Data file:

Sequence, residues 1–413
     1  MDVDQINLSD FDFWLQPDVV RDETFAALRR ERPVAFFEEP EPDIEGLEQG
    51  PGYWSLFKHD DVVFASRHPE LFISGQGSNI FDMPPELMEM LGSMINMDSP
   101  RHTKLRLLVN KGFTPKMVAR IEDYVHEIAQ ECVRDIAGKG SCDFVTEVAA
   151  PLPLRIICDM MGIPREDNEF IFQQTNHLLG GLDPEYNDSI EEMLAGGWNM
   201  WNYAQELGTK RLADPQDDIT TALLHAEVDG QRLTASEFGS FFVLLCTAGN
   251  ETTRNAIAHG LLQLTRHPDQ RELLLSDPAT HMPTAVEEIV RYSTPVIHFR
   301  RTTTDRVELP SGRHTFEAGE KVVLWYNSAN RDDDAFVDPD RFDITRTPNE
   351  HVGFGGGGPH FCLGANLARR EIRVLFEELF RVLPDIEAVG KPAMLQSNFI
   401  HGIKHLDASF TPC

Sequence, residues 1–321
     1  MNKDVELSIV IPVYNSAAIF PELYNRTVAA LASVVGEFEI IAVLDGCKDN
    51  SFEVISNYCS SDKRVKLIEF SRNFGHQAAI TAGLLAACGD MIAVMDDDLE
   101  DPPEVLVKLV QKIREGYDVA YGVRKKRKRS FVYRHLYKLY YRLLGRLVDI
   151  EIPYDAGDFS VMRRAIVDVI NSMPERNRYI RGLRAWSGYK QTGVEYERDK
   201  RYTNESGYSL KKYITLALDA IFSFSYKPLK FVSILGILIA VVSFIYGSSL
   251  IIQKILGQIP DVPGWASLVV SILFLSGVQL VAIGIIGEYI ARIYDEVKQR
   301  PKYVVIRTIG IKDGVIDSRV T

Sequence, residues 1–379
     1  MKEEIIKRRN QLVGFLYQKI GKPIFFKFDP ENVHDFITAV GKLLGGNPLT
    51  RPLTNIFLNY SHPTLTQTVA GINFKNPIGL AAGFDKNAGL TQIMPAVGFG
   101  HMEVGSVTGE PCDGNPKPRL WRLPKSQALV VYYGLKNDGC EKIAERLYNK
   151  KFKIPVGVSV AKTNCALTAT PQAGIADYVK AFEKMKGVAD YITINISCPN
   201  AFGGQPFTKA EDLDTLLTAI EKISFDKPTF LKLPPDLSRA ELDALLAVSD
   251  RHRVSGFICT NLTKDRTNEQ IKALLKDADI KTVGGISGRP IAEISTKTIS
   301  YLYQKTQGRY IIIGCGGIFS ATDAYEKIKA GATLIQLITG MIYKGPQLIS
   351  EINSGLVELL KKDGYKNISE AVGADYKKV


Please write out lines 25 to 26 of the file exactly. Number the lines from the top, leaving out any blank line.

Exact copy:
   251  RHRVSGFICT NLTKDRTNEQ IKALLKDADI KTVGGISGRP IAEISTKTIS
   301  YLYQKTQGRY IIIGCGGIFS ATDAYEKIKA GATLIQLITG MIYKGPQLIS